Kurt Reiner (September 22, 1913 – September 23, 1985) was the son of Arthur Reiner (b. 6/22/1877 in Lunenburg, Czechoslovakia) and Irma (Lowy) Reiner (b. 9/4/1886 in Lobositz Czechoslovakia). Kurt was born in and grew up in Vienna, Austria. He studied engineering and belonged to the youth movement of the Social Democratic Party. In 1936, he met Hennie, the daughter of Gedale and Mirel Goldmark. Hennie, a high school graduate, was a translator for an import company and spoke five languages. The two married on July 24, 1938; Hennie was 19 and Kurt was 25. On March 12, 1938 Nazi Germany annexed Austria. Kurt was doubly endangered both as a socialist and as a Jew. Three or four days following the German invasion of Austria, Kurt went to the American consulate to obtain forms for Hennie, her brother, Moritz, Kurt’s parents, and Kurt himself. Everyone was officially registered on March 31, 1938.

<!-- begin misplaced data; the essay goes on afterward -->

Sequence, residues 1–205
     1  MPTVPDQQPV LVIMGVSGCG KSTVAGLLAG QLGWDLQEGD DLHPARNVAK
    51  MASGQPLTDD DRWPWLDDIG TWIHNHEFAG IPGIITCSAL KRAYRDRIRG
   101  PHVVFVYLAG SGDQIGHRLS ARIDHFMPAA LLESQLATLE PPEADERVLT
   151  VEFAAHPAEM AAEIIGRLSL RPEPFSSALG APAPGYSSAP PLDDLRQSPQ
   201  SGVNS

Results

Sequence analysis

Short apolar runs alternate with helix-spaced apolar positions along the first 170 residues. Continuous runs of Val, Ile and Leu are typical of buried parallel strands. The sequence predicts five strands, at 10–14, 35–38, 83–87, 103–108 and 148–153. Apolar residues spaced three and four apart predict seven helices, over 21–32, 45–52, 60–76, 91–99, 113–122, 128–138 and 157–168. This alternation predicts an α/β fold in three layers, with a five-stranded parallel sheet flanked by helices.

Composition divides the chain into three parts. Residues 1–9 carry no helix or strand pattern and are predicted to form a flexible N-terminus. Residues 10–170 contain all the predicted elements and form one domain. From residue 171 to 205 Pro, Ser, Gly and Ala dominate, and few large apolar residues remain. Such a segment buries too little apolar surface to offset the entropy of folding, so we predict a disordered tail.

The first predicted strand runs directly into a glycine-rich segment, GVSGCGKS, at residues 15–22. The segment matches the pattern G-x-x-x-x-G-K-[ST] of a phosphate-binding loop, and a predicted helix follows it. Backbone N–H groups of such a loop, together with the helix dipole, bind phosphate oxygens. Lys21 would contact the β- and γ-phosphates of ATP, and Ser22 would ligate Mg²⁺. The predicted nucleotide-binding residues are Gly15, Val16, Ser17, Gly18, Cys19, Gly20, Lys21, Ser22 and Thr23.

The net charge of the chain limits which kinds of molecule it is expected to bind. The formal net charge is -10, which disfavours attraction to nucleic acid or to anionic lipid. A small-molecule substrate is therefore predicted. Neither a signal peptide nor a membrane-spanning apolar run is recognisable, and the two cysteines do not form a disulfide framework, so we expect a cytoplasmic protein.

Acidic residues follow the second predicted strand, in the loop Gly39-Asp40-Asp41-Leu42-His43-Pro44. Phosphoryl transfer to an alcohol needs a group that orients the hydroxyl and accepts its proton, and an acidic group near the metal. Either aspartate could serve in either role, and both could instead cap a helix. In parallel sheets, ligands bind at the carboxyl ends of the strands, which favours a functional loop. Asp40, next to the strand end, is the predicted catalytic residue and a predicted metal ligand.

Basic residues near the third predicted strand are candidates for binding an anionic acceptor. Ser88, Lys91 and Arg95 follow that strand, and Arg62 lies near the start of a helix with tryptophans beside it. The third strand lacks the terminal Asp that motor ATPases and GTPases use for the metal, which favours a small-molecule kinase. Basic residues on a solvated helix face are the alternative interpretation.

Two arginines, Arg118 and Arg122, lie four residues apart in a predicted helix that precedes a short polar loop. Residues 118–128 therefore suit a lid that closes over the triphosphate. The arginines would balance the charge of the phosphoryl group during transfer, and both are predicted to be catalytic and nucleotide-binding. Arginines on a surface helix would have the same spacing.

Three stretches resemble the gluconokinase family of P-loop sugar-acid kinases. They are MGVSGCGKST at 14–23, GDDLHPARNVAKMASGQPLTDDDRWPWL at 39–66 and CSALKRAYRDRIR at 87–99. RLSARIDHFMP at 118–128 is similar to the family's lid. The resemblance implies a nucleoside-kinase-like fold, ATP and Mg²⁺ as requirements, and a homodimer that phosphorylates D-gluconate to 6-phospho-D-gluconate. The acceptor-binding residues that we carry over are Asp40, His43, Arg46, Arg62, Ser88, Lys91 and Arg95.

Kurt was arrested the day after Kristallnacht (Nov. 10, 1938) and brought to a police station. He was beaten severely and then transferred to Dachau. During his incarceration, Hennie sent letters to random Americans, pleading for help. At the time, the American quota for immigration from Germany to the USA was only 27,000. She even wrote to the American department store B. Altman & Co. in New York because her mother’s maiden name was Altman. Minutes after mailing the letter, Hennie collapsed into tears. She was approached by a Greek-American woman, who consoled her. The woman said that she would talk to her contacts and try and help Hennie once she arrived back in America.
Hennie also tried obtaining visas from many different countries throughout South America. For a small fee, she obtained a letter from the Uruguayan consulate promising that a visa would be sent (though in reality they were issuing no such visa). She presented this letter to Gestapo headquarters with the hope of convincing them that Kurt should be released from Dachau as it gave the impression that he now had a valid means to enter another country. The scam worked: weeks later, Kurt was summoned to the commandant’s office and released from Dachau (January 27, 1939). The letter, which had no real validity, had served its practical value. Kurt weighed only 110 lbs at the time of his release, having lost 30 lbs., despite the time’s diet, when salty herring and potatoes were served daily. The winter months of incarceration, however, were bitter, and sub-zero temperatures were not uncommon. Many people died from exposure, frostbite, starvation and disease.